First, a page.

New Cincinnati Office
Continuing Education- Optimus Academy
Take advantage of our continuing education through the Optimus Academy! 

On Wednesday, Jan. 27, from 6:00-8:00 p.m., we will be covering:
  • Course #3, Lower Limb Prosthetics: Transfemoral
  • Course #4, Lower Extremity Amputee/Prosthetic Evaluation and Outcome Measure. 

Participants will earn 2 CEUs, and a pizza dinner is provided.

Classes will take place at our Dayton facility at 8517 North Dixie Drive, Dayton, OH 45414. 

Jim's Corner- 
The Two Scale Drill
Optimus Prosthetics Jim Scharf
Jim Scharf, PTA
The goal of "Jim's Corner" is to provide helpful information and be a resource for those helping patients fitted with prosthetics learn to use them correctly in order to enjoy a better quality of life as an amputee.

For this month's column we are going to review a drill "the 2-scale drill" that back in the 80's & 90's was a great idea, but not very practical due to the big clunky scales that would tip easily resulting in difficulty for clinicians and frustration for the patient. With advances in technology, we now have small, digital scales.
Without proper training, most patients will place the vast majority of their weight on their sound limb and very little weight on their prosthetic limb when they are standing. When this happens it sets the stage for multiple problems: overuse of the sound limb, multiple gait deviations, difficulty loading the prosthetic toe and bending the prosthetic knee, curvature of the spine ("functional scoliosis"), and the prosthetic limb will appear too long. 

Another thing to keep in mind is if people with amputations do not learn to properly use their prosthesis or bear weight equally between the prosthetic and intact limbs, they may further compromise the integrity of their intact limb. Without proper training when the patient is standing with even weight bearing, the patient will generally feel off center.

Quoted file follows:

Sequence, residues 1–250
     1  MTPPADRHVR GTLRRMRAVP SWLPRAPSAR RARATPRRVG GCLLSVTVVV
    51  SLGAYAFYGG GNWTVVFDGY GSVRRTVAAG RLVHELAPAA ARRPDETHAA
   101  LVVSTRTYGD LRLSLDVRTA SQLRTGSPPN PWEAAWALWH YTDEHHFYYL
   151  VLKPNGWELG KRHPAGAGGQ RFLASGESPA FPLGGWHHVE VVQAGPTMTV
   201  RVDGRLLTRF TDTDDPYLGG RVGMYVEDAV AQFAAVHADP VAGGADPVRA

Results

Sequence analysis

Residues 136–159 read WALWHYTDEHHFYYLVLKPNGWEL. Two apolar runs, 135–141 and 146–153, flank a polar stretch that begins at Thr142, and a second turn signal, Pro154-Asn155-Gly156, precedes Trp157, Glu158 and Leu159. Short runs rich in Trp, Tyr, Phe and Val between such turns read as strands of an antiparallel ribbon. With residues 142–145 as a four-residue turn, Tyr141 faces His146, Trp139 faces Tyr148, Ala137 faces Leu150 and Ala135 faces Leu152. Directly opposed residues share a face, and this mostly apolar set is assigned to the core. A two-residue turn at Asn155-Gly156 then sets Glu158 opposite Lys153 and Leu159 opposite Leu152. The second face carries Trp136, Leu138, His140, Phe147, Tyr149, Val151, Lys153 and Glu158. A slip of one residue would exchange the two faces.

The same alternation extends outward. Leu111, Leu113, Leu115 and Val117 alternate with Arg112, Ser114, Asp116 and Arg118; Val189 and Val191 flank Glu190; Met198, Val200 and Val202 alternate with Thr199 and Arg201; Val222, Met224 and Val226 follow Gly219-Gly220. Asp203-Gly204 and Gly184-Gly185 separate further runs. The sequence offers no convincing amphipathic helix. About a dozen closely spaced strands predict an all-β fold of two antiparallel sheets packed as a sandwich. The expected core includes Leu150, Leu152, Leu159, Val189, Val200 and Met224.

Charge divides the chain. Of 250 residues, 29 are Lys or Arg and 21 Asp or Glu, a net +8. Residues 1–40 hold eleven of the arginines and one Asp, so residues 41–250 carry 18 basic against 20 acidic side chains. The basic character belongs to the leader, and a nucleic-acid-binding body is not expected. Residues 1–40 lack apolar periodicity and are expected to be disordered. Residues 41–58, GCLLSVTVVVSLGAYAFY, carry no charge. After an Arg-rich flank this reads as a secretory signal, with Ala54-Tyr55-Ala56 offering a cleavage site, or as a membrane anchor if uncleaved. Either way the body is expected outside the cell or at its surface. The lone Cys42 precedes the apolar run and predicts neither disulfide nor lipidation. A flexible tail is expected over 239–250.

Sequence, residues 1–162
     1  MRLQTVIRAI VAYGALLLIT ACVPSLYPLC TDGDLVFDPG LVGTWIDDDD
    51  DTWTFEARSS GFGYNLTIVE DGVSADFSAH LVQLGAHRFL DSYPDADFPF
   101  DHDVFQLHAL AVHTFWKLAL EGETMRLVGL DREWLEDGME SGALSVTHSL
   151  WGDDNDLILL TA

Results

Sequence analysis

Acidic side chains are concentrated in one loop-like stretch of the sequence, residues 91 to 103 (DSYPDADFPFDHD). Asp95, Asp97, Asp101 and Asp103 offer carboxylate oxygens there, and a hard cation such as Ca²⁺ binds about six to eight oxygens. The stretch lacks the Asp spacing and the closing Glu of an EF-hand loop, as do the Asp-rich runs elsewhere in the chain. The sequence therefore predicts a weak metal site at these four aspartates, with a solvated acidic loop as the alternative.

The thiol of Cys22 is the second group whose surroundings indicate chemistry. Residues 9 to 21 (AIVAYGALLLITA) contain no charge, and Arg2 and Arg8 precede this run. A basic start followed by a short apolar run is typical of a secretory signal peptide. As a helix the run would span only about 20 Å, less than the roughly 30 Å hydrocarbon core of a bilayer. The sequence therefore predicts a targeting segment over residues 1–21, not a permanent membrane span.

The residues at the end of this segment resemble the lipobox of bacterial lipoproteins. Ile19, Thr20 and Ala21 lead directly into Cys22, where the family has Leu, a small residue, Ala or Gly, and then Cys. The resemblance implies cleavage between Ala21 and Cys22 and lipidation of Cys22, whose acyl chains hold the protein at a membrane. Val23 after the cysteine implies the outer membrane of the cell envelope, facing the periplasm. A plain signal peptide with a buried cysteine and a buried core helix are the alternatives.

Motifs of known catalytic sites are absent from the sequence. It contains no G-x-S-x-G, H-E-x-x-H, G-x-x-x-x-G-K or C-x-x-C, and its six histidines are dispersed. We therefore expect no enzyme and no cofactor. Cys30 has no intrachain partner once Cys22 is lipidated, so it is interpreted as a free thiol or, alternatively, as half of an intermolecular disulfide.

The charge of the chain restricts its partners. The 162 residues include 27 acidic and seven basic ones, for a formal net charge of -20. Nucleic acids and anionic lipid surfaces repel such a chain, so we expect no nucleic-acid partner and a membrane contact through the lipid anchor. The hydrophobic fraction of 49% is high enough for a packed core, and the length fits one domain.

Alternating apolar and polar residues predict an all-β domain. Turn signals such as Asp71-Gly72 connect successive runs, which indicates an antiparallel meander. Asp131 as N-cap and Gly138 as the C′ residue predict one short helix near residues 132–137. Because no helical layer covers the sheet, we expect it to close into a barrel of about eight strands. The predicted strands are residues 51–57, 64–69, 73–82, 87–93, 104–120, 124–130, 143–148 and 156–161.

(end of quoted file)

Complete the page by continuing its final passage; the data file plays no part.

It is very important to teach the patient how to correctly share the weight on both lower extremities to lay a great foundation of even weight bearing. This will aid in proper weight shifting, balance, prosthetic weight bearing and stance, resulting in proper prosthetic gait.
The way I perform this drill (which can be done in the parallel bars or with a walker for safety) is use one scale to obtain the body weight, and then have them step off of the scale and divide the body weight in half. Then, I turn both scales around so the patient can't see them and they then step up onto each scale and stand where they feel they are even weight bearing. It is extremely rare for the patient to be even weight bearing as the picture below:
  • The top number (in red) is where they should be, what would be even weight bearing.
  • The bottom number (in black) is where they actually were! Notice a difference? 
To correct this I provide much verbal, visual and manual cueing. I will usually do these for about 10-15 second trials in sets of 5.  I may have to do this several sessions as part of their therapy.

Jim Scharf, PTA, Prosthetic Assistant/Gait Specialist
Jim has been a Licensed Physical Therapist Assistant since 1988.  Jim has worked with lower extremity amputee patients throughout his career.  He serves as a Gait Specialist and Liaison when prosthetic patients are meeting with their therapists. Feel free to contact Jim if he can assist you in any way
In This Issue
D = Dayton Area
C = Columbus Area

Course #1
No Courses Scheduled
Course #2
No Courses Scheduled

Course #3
No Courses Scheduled

Course #4.
C- 12/15, Mt. Carmel West,  12:00 p.m.

Course #5
D- 12/9, Upper Valley Medical Center, 12:15 p.m. 

Course #6
C- 12/8, Columbus West Park, 12:00 p.m.

D- 12/14, Dayton Rehab, 12:00 p.m.

D-12/16, Grandview, 12:00 p.m.

C- 12/22, The Laurels of Worthington, 12:00 p.m.

C- 12/29, Darby Glenn Nursing and Rehab, 12:00 p.m.

Course #7
No Courses Scheduled

Course #8
No Courses Scheduled

Course #9
No Courses Scheduled

Course #10
D- 12/7, Springfield Regional, 12:00 p.m.

Optimus Prosthetics, Dayton
8517 North Dixie Drive, Suite 100/300
Dayton, Ohio 45414
(937) 454-1900


Optimus Prosthetics, Columbus
3132 Olentangy River Road
Columbus, Ohio 43202 

(614) 263-LIMB (5462)